If you were to ask any random person on the street about a prayer that they could recite from memory, the Lord’s Prayer would make the top five. It seems that this is a prayer that everyone, whether they attend church now, or only as a child, has committed to memory. And as is often the case when we have committed words and phrases to rote memory, we often quit reflecting on their meanings and purpose.
See what large letters I make when I am writing in my own hand! It is those who want to make a good showing in the flesh that try to compel you toRead More…
“Too many of you are competing to sit at a table that Jesus would have flipped over.” Some random meme Recently, that meme popped up on my Facebook feed, and I hadRead More…
It’s Paul’s approach that I find interesting here as well. He basically tells his listeners that he didn’t come with big, fancy words, but with the basic concept of a crucified Lord. It was the story of a God who humbled himself, and was humiliated by the powers of this world. It was the story of a God who died for those he loved. It was the story of a Christ who presented his weaknesses to the world to show them the strength of his desire to redeem them. And Paul did all of this while he, himself, was afraid, trembling in the fear of his own weaknesses. But that’s what Paul wanted. His approach was to let others see the power of God in his actions, and not in his fancy and persuasive words.
And they took offence at him. His very presence in the synagogue, “pretending” to be a spiritual leader, incited their wrath, and they were scandalized by his presence there as one who would presume to teach them.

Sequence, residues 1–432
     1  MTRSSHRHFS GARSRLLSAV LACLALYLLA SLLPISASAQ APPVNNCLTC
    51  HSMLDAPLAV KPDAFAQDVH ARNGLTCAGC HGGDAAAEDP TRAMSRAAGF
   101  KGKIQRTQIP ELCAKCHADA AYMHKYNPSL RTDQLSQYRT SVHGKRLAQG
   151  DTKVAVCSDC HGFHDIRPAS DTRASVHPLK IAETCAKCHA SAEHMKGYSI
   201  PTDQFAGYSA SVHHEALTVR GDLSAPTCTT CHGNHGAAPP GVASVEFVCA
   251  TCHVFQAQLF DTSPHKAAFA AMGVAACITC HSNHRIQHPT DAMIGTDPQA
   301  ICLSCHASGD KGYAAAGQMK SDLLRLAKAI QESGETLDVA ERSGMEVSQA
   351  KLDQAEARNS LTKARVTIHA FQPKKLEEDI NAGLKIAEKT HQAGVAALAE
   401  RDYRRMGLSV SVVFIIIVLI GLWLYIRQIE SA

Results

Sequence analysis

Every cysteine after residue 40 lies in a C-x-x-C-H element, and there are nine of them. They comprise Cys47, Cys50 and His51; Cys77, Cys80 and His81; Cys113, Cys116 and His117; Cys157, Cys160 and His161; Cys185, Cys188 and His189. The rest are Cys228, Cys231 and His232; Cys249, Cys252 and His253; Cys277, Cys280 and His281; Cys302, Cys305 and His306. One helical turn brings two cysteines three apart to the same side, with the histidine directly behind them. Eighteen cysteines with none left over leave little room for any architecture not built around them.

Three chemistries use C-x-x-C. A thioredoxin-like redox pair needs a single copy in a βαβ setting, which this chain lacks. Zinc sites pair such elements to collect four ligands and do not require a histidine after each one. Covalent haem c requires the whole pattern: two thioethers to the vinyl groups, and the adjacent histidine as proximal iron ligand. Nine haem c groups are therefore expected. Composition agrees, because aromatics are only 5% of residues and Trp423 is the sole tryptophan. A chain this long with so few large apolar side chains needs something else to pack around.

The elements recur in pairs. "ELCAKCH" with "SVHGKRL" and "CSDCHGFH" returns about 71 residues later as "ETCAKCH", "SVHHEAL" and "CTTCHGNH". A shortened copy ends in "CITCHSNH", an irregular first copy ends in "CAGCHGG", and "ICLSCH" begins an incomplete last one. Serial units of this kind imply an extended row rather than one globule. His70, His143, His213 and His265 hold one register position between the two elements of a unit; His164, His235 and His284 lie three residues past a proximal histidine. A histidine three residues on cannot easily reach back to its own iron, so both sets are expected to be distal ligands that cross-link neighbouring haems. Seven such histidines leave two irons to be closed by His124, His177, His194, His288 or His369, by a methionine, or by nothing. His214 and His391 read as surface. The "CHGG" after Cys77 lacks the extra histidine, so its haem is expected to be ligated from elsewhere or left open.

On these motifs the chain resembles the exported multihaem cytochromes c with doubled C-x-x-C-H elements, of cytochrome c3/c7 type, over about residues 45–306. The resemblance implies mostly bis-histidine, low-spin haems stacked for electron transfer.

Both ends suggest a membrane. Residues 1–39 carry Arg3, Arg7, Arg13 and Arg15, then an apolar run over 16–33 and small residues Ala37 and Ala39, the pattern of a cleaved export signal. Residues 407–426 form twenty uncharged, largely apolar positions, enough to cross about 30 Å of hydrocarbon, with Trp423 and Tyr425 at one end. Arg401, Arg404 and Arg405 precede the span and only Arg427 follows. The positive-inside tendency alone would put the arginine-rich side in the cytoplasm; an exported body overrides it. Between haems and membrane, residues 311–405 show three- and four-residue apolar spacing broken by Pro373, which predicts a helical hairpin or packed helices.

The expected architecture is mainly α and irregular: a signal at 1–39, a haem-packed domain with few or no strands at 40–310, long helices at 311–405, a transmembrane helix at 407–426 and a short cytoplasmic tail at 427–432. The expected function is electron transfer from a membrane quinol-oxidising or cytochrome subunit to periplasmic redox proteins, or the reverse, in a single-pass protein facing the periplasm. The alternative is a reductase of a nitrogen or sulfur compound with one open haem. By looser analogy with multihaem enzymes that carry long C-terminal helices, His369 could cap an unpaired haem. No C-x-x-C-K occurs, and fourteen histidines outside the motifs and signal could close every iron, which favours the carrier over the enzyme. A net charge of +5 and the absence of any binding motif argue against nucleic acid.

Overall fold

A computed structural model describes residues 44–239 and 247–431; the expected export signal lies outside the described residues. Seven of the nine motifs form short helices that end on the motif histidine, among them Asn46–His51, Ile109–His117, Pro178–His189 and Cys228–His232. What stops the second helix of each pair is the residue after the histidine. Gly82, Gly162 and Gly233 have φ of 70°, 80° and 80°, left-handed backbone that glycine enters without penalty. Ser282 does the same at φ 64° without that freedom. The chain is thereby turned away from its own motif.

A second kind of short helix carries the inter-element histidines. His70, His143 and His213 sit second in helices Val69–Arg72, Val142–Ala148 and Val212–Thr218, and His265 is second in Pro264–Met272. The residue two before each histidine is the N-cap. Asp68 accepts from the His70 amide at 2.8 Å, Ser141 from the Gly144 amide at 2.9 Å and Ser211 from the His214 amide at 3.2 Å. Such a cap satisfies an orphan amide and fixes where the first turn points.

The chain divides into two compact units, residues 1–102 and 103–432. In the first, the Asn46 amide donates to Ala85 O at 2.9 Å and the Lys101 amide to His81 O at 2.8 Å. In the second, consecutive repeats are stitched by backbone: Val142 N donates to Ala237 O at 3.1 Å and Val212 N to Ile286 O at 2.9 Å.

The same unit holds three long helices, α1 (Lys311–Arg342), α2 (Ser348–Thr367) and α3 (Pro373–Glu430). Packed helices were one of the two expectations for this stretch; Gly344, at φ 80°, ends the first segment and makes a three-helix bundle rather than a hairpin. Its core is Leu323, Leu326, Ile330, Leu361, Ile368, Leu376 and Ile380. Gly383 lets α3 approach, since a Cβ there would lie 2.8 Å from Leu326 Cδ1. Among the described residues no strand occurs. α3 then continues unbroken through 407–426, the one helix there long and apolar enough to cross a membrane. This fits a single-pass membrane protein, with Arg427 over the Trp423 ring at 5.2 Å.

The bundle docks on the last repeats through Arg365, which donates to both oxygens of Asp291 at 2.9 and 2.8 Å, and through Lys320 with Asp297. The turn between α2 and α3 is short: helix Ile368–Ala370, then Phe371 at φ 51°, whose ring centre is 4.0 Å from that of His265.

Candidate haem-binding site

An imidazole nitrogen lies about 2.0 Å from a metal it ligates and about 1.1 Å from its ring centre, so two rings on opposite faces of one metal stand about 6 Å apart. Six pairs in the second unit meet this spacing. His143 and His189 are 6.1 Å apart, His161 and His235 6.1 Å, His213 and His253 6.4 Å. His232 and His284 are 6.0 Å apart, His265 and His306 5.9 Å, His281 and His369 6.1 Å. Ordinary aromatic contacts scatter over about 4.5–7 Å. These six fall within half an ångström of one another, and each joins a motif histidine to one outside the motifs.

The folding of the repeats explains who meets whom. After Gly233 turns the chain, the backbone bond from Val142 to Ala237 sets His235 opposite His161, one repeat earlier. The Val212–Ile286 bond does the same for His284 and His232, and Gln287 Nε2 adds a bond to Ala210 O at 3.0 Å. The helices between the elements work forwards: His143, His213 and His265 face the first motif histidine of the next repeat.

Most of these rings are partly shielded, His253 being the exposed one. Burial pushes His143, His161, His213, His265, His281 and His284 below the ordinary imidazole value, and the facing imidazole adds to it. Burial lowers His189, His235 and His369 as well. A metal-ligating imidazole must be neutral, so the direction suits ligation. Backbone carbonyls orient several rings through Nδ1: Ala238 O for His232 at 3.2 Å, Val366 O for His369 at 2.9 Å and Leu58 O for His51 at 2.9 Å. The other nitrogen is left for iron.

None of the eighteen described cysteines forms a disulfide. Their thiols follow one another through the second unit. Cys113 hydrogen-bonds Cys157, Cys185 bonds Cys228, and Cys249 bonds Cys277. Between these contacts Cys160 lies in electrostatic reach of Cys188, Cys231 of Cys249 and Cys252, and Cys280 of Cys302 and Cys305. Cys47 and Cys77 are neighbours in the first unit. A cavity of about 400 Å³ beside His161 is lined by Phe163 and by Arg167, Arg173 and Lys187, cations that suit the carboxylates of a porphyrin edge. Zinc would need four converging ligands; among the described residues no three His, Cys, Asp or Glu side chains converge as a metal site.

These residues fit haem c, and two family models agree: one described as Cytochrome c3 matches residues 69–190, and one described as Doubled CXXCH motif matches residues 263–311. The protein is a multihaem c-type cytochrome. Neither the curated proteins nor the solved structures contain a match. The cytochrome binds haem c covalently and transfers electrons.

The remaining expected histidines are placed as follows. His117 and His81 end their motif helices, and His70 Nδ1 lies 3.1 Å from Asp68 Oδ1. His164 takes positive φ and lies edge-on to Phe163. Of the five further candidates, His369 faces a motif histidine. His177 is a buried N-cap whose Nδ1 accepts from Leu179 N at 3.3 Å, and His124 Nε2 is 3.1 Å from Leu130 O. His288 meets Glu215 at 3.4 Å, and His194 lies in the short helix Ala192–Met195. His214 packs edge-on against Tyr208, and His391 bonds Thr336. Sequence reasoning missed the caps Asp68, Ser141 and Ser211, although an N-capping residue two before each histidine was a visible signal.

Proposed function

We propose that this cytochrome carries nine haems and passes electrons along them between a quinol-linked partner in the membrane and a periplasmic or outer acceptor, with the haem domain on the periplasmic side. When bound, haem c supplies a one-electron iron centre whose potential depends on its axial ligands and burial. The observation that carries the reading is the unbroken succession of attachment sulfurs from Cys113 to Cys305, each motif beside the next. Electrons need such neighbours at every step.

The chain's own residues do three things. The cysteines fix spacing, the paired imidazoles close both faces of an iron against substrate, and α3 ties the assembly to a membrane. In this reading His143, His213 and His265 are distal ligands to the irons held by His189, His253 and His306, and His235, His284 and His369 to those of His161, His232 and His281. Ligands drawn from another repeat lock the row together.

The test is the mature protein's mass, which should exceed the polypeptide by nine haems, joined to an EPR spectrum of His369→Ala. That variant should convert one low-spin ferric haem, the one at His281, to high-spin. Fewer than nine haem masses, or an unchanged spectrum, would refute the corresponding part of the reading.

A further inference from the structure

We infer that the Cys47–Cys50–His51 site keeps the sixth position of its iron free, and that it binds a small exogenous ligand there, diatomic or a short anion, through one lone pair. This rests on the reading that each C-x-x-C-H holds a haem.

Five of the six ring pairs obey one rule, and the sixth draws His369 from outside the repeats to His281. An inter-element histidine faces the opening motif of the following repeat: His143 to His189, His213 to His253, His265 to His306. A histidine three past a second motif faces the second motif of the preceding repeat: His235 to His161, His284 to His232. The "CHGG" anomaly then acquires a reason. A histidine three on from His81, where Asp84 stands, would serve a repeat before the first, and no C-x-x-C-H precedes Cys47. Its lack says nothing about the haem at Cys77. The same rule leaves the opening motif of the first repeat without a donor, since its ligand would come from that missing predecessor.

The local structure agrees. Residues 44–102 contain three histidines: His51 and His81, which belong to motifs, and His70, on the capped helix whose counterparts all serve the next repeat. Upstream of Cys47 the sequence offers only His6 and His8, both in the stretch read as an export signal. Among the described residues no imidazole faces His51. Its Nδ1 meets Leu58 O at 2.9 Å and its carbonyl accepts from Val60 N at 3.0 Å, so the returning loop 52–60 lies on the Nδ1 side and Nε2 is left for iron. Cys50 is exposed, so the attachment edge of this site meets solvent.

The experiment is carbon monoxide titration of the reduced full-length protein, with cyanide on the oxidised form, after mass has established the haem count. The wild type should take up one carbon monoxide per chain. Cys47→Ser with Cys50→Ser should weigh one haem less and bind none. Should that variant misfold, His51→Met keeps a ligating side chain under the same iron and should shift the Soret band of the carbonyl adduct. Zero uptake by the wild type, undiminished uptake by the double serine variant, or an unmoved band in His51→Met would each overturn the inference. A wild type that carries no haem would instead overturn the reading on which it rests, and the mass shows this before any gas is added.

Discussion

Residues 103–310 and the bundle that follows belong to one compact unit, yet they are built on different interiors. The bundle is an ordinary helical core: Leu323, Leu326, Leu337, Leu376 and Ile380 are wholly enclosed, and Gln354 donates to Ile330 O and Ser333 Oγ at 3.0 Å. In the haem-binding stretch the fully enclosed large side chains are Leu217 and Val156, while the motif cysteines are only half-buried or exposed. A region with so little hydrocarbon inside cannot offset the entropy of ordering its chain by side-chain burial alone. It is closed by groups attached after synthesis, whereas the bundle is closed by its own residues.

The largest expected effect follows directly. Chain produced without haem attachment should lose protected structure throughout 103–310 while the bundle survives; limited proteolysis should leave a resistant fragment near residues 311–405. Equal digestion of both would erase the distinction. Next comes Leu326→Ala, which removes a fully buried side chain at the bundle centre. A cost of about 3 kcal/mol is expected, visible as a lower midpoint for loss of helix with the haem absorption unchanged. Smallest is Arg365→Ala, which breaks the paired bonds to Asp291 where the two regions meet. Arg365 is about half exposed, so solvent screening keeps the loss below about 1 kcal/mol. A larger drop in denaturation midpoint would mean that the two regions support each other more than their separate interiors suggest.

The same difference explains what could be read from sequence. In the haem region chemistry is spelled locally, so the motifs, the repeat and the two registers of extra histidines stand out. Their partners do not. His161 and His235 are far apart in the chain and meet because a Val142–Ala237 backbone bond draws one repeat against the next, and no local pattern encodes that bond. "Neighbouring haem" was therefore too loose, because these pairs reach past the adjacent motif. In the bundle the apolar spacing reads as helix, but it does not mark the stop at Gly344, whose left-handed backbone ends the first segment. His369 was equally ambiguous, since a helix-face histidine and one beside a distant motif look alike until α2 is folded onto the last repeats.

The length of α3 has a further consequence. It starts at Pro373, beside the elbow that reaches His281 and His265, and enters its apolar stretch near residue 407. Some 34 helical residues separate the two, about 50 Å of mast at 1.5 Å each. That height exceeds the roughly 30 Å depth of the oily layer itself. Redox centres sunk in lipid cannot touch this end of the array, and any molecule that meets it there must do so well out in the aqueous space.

They knew him from when he was but a boy, and here he was taking on more authority than he ought to, more than he was allowed to, given his history, given what they knew about him.
And the result, Mark says, is that he did not do many works of power there. Instead, Jesus marveled at their disbelief.
The paralyzed man stood up, picked up his bed, and walked away. And all those present were filled with awe and amazement, and they said, “We have seen strange things today.” After having been told that the people were filled with amazement and awe, and were glorifying God, these people then said what amounts to, “Yup. That was weird.”
Some people attend charismatic or pentecostal churches because they need to see the miraculous to understand a God that provides healing, or understands them deeply, beyond what they share of themselves with the world. Some people attend churches that focus on social justice because they need to see a God that serves up justice and cares for the oppressed. Some attend legalistic churches because they need to experience order and clear cut rules amidst an otherwise chaotic life. And each of these churches provides an aspect of God to the world.
They’ve seen this movie before, and so some of them are thinking, “Great! Jesus is here, he’ll calm the storm and all will be well.”
But Jesus doesn’t calm the storm.
He’s just standing there, telling them not to be afraid, in the midst of all this raging chaos.
Daily Office Readings – Gospel ( Matthew 17:14-21 ) As I read through this morning’s Gospel reading, I was, of course, struck by Jesus rebuking his disciples. They had tried to castRead More…
Daily Office Readings – Gospel ( Matthew 5:27-37 ) As soon as I started reading this Gospel this morning, my mind went back too several youth leaders and pastors I’ve known, andRead More…